? Jim Edwards - All Rights reserved
It's really no secret that search giant, Google.com, wants to own the gateway to all media online.
They operate the Web's most popular search engine, largest free blogging service, and one of the largest news services online.
Recently, Google started offering video from their website. Google's video offerings so far, comprised mostly of documentaries, news, and daytime talk TV programs, represented a testing device to get the kinks out of their video delivery and search system.
Now, thanks to widespread availability of high-speed Internet access, inexpensive desktop video editing, and the emergence of portable video players, Google is steadily ramping up what will surely become the Web's first video "vending" machine.
Log on to Video.Google.com and search a limited number of available TV shows.
Curiously, most do not allow you to play video, only to see still screen shots of the show and read a transcript taken from closed captioning for the hearing impaired.
However, based on the fact that Google recently started accepting video submissions through their website, this format is about to change drastically.
Originally, speculation about Google's new video service centered squarely on video "blogging, " where online pundits would share their thoughts in video rather than written form.
However, after releasing more details, it appears that Google maintains much grander plans for online video than just allowing people with a camcorder to rant and rave.
Currently Google is in the "gathering" stage. This means they are accepting video submissions from content providers with very few restrictions.
Basically, Google says they want original content, no porn or offensive content, and they want it in a very specific video format (mpeg2 or mpeg4 with MP3 codec).
Other than that, the sky is literally the limit. For specifics, log on to https://upload.video.google.com/ and click the "Find out more" link.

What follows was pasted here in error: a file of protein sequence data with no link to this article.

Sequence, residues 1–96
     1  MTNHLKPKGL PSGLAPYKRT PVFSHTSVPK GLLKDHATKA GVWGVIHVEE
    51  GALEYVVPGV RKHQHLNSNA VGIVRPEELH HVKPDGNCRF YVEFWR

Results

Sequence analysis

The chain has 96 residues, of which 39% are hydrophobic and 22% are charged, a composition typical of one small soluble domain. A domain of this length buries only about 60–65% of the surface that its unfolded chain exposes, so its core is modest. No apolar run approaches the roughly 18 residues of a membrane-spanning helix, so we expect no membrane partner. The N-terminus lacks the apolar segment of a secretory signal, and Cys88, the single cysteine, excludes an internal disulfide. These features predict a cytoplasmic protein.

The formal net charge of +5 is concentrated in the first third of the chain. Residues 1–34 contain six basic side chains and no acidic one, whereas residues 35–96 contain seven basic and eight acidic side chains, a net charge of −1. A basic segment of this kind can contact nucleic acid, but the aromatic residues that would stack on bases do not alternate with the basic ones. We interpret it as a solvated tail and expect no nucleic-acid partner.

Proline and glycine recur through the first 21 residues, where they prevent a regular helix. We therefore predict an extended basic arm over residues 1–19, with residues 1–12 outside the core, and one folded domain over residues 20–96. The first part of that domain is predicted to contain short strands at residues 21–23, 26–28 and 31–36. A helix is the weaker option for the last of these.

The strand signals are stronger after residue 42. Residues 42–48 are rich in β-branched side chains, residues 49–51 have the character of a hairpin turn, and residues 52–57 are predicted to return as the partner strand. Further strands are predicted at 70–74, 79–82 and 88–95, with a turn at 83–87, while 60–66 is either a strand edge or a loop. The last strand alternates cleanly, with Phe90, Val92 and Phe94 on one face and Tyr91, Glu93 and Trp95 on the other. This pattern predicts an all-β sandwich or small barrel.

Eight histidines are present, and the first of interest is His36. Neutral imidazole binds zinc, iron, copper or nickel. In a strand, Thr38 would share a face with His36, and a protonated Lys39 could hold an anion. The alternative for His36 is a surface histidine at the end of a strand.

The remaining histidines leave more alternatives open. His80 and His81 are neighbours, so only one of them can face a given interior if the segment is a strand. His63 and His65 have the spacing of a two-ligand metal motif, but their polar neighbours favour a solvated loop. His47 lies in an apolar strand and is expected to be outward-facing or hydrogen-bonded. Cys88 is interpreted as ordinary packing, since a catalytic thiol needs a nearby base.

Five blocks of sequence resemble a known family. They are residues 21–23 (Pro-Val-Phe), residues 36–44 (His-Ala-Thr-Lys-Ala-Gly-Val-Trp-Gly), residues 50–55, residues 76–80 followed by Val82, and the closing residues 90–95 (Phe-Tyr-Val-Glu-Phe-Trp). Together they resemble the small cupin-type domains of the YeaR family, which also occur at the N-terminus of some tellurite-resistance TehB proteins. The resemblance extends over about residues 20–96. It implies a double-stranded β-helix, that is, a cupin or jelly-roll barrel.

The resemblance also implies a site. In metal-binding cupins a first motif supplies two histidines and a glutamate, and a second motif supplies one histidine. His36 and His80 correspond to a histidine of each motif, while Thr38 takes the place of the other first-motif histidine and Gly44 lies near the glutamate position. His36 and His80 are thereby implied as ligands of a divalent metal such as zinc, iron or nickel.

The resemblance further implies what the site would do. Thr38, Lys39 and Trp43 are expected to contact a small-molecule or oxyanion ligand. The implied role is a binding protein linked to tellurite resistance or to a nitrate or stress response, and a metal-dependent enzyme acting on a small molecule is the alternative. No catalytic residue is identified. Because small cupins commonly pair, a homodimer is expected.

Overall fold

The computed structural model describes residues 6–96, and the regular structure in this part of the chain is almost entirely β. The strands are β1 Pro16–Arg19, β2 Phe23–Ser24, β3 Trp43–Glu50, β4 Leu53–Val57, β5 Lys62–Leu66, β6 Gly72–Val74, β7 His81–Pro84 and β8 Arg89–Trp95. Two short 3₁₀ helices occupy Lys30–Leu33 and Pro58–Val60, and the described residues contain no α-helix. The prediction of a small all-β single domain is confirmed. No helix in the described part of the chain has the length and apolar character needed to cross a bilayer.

Right now it appears that Google decided to gather as much content as possible before offering any of it to the public, so you currently can't view any videos.
Google also states that they will allow content providers to either charge for their videos or allow viewers to watch them for free.
Google states they will collect the money, take a small fee, and pay the content provider. This alone should excite anyone who sells content online because the barrier to entry (high-speed servers, video delivery, credit card processing, customer service) just got a lot lower.
Plus, it's a safe bet that Google will find a way to integrate revenue producing videos into their pay-per-click program.
Combine all this with the recent emergence of truly portable digital video players (Sony PSP, Creative Lab's Zen Media Center), and beginning of video-on-demand through the Internet just arrived. Now this doesn't mean growing pains won't occur.
The biggest drawback to searching for and finding online video is that each video file must have a text transcript associated with it in order to get properly indexed by a search engine.
In the beginning, this will slow the production of new material.
Despite these and other growing pains, plan on Google opening up the first and largest video "vending" machine online within 12 months.
About the author:
Jim Edwards is a syndicated newspaper columnist and the co-author of an amazing new ebook that will teach you how to use fr^e articles to quickly drive thousands of targeted visitors to your website or affiliate links...
Simple "Traffic Machine" brings Thousands of NEW visitors to your website for weeks, even months... without spending a dime on advertising! ==> http://www.turnwordsintotraffic.com
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